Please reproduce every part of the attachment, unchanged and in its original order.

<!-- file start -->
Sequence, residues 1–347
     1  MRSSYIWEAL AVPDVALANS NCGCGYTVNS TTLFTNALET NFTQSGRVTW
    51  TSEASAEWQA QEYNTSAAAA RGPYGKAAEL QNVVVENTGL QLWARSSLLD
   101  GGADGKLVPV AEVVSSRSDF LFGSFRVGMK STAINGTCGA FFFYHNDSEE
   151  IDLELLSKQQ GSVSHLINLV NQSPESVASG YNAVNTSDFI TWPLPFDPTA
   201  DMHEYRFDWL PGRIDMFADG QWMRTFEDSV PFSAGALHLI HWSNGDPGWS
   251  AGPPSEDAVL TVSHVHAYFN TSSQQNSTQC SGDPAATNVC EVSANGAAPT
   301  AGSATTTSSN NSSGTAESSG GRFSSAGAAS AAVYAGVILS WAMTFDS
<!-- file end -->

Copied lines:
Sequence, residues 1–347
     1  MRSSYIWEAL AVPDVALANS NCGCGYTVNS TTLFTNALET NFTQSGRVTW
    51  TSEASAEWQA QEYNTSAAAA RGPYGKAAEL QNVVVENTGL QLWARSSLLD
   101  GGADGKLVPV AEVVSSRSDF LFGSFRVGMK STAINGTCGA FFFYHNDSEE
   151  IDLELLSKQQ GSVSHLINLV NQSPESVASG YNAVNTSDFI TWPLPFDPTA
   201  DMHEYRFDWL PGRIDMFADG QWMRTFEDSV PFSAGALHLI HWSNGDPGWS
   251  AGPPSEDAVL TVSHVHAYFN TSSQQNSTQC SGDPAATNVC EVSANGAAPT
   301  AGSATTTSSN NSSGTAESSG GRFSSAGAAS AAVYAGVILS WAMTFDS